To use solar thermal as heat supply for a hydronic in floor heating system is not so practical though. My air source heat pump heats a recirculating water system pumping approximately 3.5 m3/hour. At something like 200 liters per panel per day that would require a lot of panels - more than I have either money or space for.

Storage for the hours when the panels are not providing hot water is another very big problem. I would need 30 to 40 m/3 of storage of 55 degree water - possibly a bit more than that even.

Solar thermal does not provide adequate temperature for use with the old style radiators.

The evacuated tube types can provide a higher water temperature than the flat plate types but not enough to cover the difference in costs I don't believe. The SRCC tests don't show much difference in efficiency between the two types (flat plate vs. evacuated tube) in total heat output per day as I understand them. 
post #22 of 43

Wow! You guys should totally submit these buildings you are talking about, whether you work in them, or study in them or live in them, to The Emerson Cup 2010.

 

The Emerson Cup is an annual event that is now in its third year in India after being held for 7 years in China. The Cup recognizes the advances made in the field of energy efficiency by real estate developers and their contribution towards green conservation. If you think you stand a chance of winning, then follow these instructions to nominate yourself http://www.facebook.com/TheEmersonCup

 

Hurry!! Entries are open only till August 20th!!

post #23 of 43

Hi Russ, this is Sophie Chen, from China, I am new here. I have read some discussion with other memebers, you are really an expert in the field of renewable energy.

 

I am working for a medium-size wind turbine manufacturer Baoding Rich Wind New Energy Equipment Co., Ltd. I also want to have more chances to discuss with members here, such as market of energy, technology and so on.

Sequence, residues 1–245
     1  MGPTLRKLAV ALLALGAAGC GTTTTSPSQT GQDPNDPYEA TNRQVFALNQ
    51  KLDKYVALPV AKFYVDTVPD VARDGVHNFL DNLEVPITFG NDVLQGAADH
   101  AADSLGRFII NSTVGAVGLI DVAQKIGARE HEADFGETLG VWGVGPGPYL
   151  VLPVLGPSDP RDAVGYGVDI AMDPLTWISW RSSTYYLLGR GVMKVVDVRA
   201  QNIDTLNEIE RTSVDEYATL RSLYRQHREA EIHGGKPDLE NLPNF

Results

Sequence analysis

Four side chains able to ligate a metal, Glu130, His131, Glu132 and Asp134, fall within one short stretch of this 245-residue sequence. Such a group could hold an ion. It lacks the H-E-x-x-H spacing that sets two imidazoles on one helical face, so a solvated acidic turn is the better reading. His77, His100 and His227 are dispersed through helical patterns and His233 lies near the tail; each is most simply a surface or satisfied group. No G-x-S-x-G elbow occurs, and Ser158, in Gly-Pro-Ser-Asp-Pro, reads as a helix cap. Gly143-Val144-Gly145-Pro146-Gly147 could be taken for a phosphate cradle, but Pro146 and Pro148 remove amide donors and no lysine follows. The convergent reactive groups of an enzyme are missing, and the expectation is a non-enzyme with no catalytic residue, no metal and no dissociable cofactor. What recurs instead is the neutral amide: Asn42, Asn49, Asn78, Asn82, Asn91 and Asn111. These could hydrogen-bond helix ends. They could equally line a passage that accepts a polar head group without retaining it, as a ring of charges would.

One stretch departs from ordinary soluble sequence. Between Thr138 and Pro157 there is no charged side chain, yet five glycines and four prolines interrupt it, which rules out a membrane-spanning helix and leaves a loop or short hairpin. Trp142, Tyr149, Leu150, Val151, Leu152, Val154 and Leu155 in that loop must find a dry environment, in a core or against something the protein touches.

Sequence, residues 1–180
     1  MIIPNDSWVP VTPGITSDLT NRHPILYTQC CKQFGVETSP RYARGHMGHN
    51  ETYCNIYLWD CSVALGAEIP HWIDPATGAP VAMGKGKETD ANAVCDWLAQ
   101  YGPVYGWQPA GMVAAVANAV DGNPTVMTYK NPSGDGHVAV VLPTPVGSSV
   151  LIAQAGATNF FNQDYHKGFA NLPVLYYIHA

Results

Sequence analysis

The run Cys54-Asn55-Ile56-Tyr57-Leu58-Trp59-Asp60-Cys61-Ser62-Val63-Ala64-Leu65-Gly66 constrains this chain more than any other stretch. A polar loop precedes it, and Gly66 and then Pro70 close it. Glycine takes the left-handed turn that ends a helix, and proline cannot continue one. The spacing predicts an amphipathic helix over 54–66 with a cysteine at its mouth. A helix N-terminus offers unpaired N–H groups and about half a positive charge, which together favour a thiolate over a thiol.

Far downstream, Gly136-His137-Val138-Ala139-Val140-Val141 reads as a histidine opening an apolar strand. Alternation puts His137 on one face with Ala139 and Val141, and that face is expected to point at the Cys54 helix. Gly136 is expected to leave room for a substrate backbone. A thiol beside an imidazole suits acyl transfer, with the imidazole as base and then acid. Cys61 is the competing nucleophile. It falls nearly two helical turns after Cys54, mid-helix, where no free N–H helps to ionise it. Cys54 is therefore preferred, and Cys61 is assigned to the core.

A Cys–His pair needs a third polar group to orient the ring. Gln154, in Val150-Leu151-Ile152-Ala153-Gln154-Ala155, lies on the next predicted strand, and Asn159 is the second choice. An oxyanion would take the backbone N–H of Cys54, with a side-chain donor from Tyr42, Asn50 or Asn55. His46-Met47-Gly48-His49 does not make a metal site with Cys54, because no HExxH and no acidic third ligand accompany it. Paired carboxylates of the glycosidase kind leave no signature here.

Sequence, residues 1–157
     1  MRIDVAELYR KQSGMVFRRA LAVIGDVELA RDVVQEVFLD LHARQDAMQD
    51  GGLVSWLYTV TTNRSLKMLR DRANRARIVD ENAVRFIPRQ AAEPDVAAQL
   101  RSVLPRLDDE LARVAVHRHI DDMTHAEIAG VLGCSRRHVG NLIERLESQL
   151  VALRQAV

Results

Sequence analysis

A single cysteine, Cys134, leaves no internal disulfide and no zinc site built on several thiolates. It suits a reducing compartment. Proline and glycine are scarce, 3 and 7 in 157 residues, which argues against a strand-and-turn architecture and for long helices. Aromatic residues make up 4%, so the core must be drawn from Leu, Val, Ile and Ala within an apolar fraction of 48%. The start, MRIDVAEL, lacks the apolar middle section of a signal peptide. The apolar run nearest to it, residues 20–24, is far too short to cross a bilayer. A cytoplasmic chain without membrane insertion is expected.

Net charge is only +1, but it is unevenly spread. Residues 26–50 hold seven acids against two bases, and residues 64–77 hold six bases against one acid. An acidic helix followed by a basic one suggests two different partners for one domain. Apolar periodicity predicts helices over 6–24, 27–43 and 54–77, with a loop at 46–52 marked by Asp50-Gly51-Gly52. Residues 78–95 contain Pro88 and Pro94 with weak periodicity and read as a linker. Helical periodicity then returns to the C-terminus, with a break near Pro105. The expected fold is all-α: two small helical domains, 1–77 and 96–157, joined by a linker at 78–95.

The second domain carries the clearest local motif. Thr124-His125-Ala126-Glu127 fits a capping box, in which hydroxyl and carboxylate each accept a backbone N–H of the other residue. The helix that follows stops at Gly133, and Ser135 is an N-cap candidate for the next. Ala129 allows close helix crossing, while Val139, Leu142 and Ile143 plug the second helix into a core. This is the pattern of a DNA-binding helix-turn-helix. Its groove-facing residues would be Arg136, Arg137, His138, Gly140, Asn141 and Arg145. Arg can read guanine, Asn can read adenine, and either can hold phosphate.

By the way, Russ do you have any opinion about the potentional market for 50kw wind turbine in America and Europe?

post #24 of 43

Manufacturing your own panels seems well out of reach. But I could imagine significant savings if you're able to buy the panels, the wiring, and all the attendant transformers and electronics separately and install them yourselves. However, I think you'd basically need to be an electrician to make this work. It's got to be at least as difficult as rewiring a room for 220, which I would personally never undertake. Re-tiling a bathroom, sure.... but if it involves electricity, you're talking a whole new level of DIY.

 

I have no doubt that there are many companies out there who would try to make money selling you a bunch of parts, or just some pamphlet telling you which parts to buy. But this seems like a very low value-add and for almost all homeowners not a reasonable DIY project.

post #25 of 43

Hello,

 

I am not sure about how many of you actually believe that one can save a lot of money through DIY solar kits. At least. I truly believe it is possible. I offer online video tutorials to many subscribers and provides DIY kits on residential solar energy installations.

 

In my opinion, most of the people do not opt for solar energy because of the high installation cost. This apprehensive behavior will cost us a fortune in the long run. Thus, if we can reduce the installation cost, why just not run an extra mile.

 

post #26 of 43

I think building them or paying someone to build them is a good option. You can find really good deals on the bay for solar cells.

aluminum angle is super cheap.

I did this and created a solar bike !

http://www.thekpv.com

post #27 of 43

You are seemed to be a energy saver person. I also very much in favor of solar energy and equipment to save electrical energy cost by using natural Sun energy.To know more about solar panel try this.

Runka

post #28 of 43

http://www.youtube.com/watch?v=RSCKsZl3ges

Hi evryone!  I just finished my PMA for my homemade windturbine. I posted a couple of video on youtube explaining in every steps the building process... Here is a link of  my videos

 

HI guys!!

!I just finished the generator

 

 

 

post #29 of 43

I'm not sure about the ads around the internet that you'd have to pay for viewing the tutorial on how to make one. I think there are other sites out there that are generous enough to help other people who would want to learn how to build their own solar panels. Although there are other sites that seems to be credible. Honestly, the major requirement that you need to have when building your own solar panel is PATIENCE. If you don't have it then better yet not to start building one. Not to mention buy the right tools too.

 

-Rox

post #30 of 43

Excellent video!   I had seen a horizontal wind generator about 4 years ago, similar to that design; but 1 long twisted piece instead off 3.  I think the reasoning was view- since it could lie down out of sight, and bird safety when compared to those large windmills.

 

If it was any good, that design will return- I am sure of it!